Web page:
Friday, May 14, 2010


When you have time on your hands, you think. Sometimes that's a good thing, and sometimes it's bad. It's bad for my husband because I have come up with quite a long to-do list. :-)

Obviously, I have been thinking about Gem. LA has been riding him once a week while I recover. I am actually grateful that she is "training" him while I am unable to ride. Initially, I thought she would be working on his loping cue or just giving him a really good workout. But, she informed me last week that she has been working on his lateral movements. Crap, and here I thought that she would be making it easy for me to lope him by the time I was able to ride again! Hmm, what's the big deal with lateral movements any way? Why does LA always try to get me to correct Gem when he bends inside? How can bending be so important?? I decided to investigate.

After doing a little reading, I now understand why LA gets on our case at lesson when Gem bends the wrong way!! Although LA would try to explain, I didn't really appreciate how important these movements are to having balance and suppleness. From what I understand, lateral movements encourage better responsiveness to riding aids and more efficient movement of the horse's legs to improve impulsion and, of course, balance. Now, for a newbie like myself, I don't fully understand the concept or advantages yet. Heck, I am just at the point where I feel comfortable in the saddle! However, having personally experienced back and neck pain, I can understand how improving your suppleness and moving or bending your body the right way can have a positive impact on your well-being (I am looking forward to more suppleness soon!). I suspect that learning lateral movements properly would have the same positive result for Gem.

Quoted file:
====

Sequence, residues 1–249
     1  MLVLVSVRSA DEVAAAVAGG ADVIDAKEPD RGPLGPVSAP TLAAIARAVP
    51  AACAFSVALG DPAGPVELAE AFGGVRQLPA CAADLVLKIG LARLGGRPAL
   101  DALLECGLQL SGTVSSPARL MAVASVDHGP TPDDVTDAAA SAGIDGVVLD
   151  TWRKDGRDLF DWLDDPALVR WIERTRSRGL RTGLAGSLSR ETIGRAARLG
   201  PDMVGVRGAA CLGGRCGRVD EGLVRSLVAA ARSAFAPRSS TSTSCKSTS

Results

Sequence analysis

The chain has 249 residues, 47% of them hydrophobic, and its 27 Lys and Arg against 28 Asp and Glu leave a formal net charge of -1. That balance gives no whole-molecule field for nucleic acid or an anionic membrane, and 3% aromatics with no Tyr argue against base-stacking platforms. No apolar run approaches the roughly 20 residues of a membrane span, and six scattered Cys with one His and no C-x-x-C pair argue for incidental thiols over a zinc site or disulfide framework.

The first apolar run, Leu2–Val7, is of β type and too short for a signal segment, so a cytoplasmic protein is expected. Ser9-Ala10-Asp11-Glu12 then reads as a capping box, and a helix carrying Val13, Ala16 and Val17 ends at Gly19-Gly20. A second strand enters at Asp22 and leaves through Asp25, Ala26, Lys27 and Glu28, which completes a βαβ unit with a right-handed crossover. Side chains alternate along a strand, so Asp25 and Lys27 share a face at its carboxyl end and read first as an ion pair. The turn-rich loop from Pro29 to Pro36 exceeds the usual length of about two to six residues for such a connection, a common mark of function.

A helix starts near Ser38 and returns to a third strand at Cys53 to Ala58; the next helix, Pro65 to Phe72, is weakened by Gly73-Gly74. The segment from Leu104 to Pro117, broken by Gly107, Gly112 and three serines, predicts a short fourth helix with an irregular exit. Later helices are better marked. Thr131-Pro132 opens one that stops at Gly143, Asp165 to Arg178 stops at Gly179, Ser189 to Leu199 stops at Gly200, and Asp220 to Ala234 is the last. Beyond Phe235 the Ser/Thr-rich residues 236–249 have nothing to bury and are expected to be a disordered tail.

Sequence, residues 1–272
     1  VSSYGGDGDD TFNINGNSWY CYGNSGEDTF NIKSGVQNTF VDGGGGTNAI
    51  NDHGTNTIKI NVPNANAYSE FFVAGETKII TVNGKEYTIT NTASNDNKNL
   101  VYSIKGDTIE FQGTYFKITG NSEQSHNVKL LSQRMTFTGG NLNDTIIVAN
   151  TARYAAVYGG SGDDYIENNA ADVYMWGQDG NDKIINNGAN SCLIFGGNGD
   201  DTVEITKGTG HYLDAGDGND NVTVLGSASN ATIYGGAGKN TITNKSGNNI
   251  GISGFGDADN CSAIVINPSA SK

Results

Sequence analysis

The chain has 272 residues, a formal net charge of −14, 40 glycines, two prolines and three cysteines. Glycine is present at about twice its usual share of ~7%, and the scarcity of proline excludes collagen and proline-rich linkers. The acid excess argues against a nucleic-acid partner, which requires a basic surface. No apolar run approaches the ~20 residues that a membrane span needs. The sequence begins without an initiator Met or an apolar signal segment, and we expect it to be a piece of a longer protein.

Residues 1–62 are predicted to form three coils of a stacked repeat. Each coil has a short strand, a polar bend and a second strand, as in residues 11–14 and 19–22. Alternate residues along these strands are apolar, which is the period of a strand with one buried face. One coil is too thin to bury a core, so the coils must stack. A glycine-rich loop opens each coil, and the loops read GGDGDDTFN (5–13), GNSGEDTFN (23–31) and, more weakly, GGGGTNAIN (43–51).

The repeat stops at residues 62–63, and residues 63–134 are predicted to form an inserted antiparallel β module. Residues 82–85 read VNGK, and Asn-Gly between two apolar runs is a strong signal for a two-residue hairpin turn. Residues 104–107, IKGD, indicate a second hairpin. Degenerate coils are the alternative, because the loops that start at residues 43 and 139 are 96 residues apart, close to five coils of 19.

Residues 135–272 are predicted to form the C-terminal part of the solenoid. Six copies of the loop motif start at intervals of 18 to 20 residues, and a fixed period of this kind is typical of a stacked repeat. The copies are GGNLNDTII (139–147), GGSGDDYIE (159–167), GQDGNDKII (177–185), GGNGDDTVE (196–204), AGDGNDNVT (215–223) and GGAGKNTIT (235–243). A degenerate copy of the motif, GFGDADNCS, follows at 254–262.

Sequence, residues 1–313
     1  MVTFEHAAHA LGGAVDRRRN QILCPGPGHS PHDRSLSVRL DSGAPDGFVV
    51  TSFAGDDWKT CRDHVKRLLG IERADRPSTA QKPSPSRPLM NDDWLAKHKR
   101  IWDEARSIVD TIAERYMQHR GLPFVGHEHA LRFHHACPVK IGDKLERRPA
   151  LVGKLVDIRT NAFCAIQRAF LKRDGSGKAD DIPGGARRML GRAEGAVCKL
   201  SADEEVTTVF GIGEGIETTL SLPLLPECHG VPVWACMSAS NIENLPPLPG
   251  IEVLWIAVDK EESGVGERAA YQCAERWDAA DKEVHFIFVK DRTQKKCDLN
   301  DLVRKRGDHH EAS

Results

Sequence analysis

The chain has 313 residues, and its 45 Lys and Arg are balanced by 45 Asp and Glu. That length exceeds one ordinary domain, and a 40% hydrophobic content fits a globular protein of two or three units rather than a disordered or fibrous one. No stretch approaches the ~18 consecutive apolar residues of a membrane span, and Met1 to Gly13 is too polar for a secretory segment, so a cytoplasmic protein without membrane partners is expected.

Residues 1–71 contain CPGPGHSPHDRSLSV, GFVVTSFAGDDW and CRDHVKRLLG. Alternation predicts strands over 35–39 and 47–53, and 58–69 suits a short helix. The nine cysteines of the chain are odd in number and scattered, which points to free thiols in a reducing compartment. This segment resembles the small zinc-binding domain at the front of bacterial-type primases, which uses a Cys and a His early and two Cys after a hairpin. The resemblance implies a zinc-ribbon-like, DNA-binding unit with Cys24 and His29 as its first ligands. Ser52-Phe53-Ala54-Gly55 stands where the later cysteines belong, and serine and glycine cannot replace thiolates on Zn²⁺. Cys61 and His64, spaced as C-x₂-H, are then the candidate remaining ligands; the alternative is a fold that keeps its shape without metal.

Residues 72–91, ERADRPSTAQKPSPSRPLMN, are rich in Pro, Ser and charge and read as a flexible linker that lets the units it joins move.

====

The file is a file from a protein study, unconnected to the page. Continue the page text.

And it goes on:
Another positive outcome from learning lateral movements is muscle tone. Hmmm, muscle tone....not something that I am intimately familiar with. :-) You may remember that when Gem first came into my life a year ago, he was "over-conditioned"; he was not being ridden regularly and was kept in his own paddock. He was round. Over the last year, he has dropped weight - his food has not been reduced, but he is being ridden 2-3 times a week and now has pasture buddies to run around with. As his winter coat started to shed out, I could see how much he had slimmed down. LA did a show-and-tell for me and pointed out on Gem's body why he is at a good weight now and not to be concerned that I could now feel his ribs. What she did say, however, was that now that he has lost the fat, he needs to build muscle. Gem had his annual examination a couple of weeks ago and my vet agrees with LA.

I have been replaying past lessons in my mind, where Gem was having a particularly bad go of bending correctly; either he sticks his rib cage inside or he swings his back end out of the bend. Was it because he played too hard that day and was stiff? Was he being lazy or is he just not that supple yet? Was he rusty on the concept? Perhaps it is all of the above plus the fact that I am not asking correctly. I can sense that Gem knows what he supposed to do and there are times when he is spot on and the ride is amazing. But more often then not, this isn't the case.